Getting Started with AR Prototyping in wiARframe [outdated]

A quick guide to creating your first AR Prototype

wiARframe is the world’s 1st dedicated AR Prototyping tool. Allowing you to become an AR designer without games engines, 3D design tools or coding, just familiar design paradigms. Learn more about our vision for Effortless AR Prototyping here or continue reading to get started with your first AR Prototype.

This guide is based on the Beta version of wiARframe and doesn’t exactly match the process in the current version — an updated guide is coming soon.


  • Signup for the Beta at
  • Once invited, Register for an account at
  • Create a Prototype in the Editor
  • Add an Object to the Prototype
  • Add some States to that Object
  • Add Interactions and Effects to States to switch between them
  • Install the App and Login
  • Load your Prototype
  • [Surface Prototypes Only] Tap to select a Surface from those detected
  • Experience your Interactive AR Prototype


wiARframe has two components a Web-Based Editor where you design your Prototypes, and a mobile App where you can view them.

The Editor can be accessed at, where you can register for an account with your Beta Invite Code.

The App is installable via the TestFlight invite sent to your email address. The current App supports iOS ARKit compatible device (iPhone 6s and up, iPad Pro & iPad 2017).

Once you have both the Editor and App, you are ready to begin creating and viewing AR Prototypes.

Editor Overview

wiARframe Editor Layout

wiARframe follows a minimalist two column layout. The left side of the screen is dedicated to interactive visual components such as the Scene Layout or Interactions Layout, and the right column is the Property Inspector, containing forms where you can change the properties of your Prototype, Objects, Interactions and Effects.

Above the left column, you can also find a Breadcrumb bar that shows: the selected Prototype, the selected Object and the selected Object State.

The Property Inspector can be docked by clicking on the ✖️ icon in its header bar. When docked you can bring it back by clicking the ☰ icon on the Breadcrumb bar.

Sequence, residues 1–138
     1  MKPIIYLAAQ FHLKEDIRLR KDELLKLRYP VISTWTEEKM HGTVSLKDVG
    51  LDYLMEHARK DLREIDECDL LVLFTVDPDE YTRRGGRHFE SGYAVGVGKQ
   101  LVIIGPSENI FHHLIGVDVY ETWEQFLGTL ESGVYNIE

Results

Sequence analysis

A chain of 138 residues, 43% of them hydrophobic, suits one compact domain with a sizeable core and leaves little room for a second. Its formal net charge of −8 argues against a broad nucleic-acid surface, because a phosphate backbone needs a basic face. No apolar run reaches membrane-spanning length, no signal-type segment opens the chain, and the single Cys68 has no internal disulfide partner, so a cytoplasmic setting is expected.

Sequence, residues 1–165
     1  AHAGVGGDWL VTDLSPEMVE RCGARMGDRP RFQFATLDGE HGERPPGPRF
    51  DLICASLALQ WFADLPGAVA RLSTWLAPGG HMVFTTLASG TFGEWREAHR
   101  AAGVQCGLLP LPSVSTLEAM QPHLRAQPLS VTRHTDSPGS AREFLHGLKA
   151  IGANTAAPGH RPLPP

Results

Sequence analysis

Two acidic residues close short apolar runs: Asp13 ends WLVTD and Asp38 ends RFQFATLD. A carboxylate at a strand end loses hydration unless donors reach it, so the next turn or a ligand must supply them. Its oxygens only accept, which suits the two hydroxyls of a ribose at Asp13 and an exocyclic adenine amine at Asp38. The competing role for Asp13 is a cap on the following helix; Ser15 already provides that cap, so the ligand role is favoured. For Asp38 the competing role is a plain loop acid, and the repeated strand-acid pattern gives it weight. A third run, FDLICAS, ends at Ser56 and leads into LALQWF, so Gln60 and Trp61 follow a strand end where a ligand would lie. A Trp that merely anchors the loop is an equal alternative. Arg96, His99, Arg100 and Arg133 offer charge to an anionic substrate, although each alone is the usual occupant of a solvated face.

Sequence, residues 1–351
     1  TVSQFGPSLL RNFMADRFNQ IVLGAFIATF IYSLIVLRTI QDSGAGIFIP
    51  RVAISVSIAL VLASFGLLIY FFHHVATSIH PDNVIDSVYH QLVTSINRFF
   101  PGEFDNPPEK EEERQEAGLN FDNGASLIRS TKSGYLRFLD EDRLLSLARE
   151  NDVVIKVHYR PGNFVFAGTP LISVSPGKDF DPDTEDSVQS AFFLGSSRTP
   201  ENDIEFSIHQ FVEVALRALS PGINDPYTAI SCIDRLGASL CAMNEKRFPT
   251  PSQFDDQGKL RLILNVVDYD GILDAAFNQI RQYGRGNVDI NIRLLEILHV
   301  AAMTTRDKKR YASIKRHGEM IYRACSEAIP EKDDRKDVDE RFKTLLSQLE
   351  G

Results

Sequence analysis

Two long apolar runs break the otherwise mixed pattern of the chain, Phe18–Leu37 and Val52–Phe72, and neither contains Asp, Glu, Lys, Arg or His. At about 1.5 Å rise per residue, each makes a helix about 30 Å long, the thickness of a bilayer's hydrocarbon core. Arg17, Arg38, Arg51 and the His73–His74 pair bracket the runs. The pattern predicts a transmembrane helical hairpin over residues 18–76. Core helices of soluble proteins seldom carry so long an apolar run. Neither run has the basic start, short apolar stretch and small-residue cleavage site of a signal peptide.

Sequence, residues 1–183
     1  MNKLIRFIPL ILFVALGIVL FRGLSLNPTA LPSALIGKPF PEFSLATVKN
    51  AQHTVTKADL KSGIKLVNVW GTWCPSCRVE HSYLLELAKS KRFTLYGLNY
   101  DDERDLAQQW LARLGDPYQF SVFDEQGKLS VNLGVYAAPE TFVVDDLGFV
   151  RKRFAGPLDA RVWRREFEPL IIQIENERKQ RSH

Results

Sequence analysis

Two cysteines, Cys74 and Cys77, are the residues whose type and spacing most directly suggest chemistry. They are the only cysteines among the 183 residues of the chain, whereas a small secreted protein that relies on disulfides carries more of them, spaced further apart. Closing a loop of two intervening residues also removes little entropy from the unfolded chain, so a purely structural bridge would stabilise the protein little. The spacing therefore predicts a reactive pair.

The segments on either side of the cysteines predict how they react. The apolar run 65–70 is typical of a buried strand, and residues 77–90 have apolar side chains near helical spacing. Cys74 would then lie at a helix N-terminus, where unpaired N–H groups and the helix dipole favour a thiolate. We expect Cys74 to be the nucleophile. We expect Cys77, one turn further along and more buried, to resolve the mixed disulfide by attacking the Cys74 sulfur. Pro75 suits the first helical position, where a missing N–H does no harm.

#ProTip. On mobile devices, the left column is hidden, focusing in on the Inspector, and allowing you to manage all properties on the go.

Creating Your First Prototype

To create a Prototype you’ll need to give it a Name and a Scene Type.

Scene Types (Surface or User)

The Scene Type defines the layout template we’ll use for your Prototype. You can think of it as: what should be at the centre of your scene? Should it be a Surface like a table that you want the Objects to sit on, or is it a standing User and you want the Objects to surround them.

wiArframe Scene Types

Adding Objects

A Prototype is really just a collection of interactive Objects. Anything that will appear in your scene is represented by an Object.

Depending on your chosen Scene Type, you’ll be presented with a canvas where the user icon is either in the center or stood at the back overlooking. This canvas is a Birdseye View of your scene, from here you can drag and drop to move existing Objects. Click on a blank space in the Scene Layout or click the ‘Add New Object’ button to create your first object.

How to add an Object

A new Object needs to be give a Name and an Object Type. Once added, you’ll be able to manipulate the defaults of other properties such as Rotation and Size. If you no longer want an Object you can just delete it from the Inspector.

Object Types (Model, Panel & Overlay)

We currently have three types of Object in wiARframe, a Model, a Panel, and an Overlay. A Model is a full 3D Object, whereas Panels and an Overlay are flat rectangles that you display 2D images. The difference between a Panel and an Overlay, is that a Panel is positioned in your scene (3D space), whereas an Overlay is attached to the Viewer’s screen/camera (2D space). You can only have one Overlay in your scene, and you’ll typically use it for traditional UI or adding a HUD.